Color For Art Collections, Part Two

Color For Art Collections, Part Two

Mark Chamberlain
Oct 26, 2010

I was recently contacted for my opinions about color for art galleries and art collections. This has been a running topic in Apartment Therapy's Color Therapy, and I thought I'd continue the dialogue here and toss around some ideas.

The all-white room is a 20th century concept. I think it was the Bauhaus that threw the goddess Color out of the temple, but even Corbusier had his own vivid color palette, and we're talking of course about people with resources and money. Go to the great houses of Europe, the beaches of Mexico, the streets of Bombay and what you see is color, color, color.

Perhaps it's the artist rather than the art collector who requires the purity of all-white rooms for the untainted experience of viewing, but even then, I don't buy it. The British favored red as the ideal color for a portrait gallery, an idea that goes back to Pompeii. The aristocracy has always used color — rare and expensive were pigments &mdash to display their wealth. And when I troll the museums here in New York, all-white rooms may be associated with Modernity (MoMA) more than anything else.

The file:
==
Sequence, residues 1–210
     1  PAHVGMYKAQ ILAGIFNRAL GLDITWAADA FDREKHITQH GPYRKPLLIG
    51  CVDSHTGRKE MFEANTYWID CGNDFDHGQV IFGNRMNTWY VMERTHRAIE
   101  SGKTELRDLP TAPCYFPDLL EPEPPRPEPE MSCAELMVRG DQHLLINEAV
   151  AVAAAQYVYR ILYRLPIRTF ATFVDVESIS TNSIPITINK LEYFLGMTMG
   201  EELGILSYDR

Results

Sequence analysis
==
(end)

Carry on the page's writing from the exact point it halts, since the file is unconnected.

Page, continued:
I close with a sampling of photos snapped over the years. When it comes to art collections, I personally am more likely to paint my walls black than white.

- Mark Chamberlain, interior and decorative painter

Images: 1: Kramer Design Studio by Laurie Rubin, Mark Chamberlain

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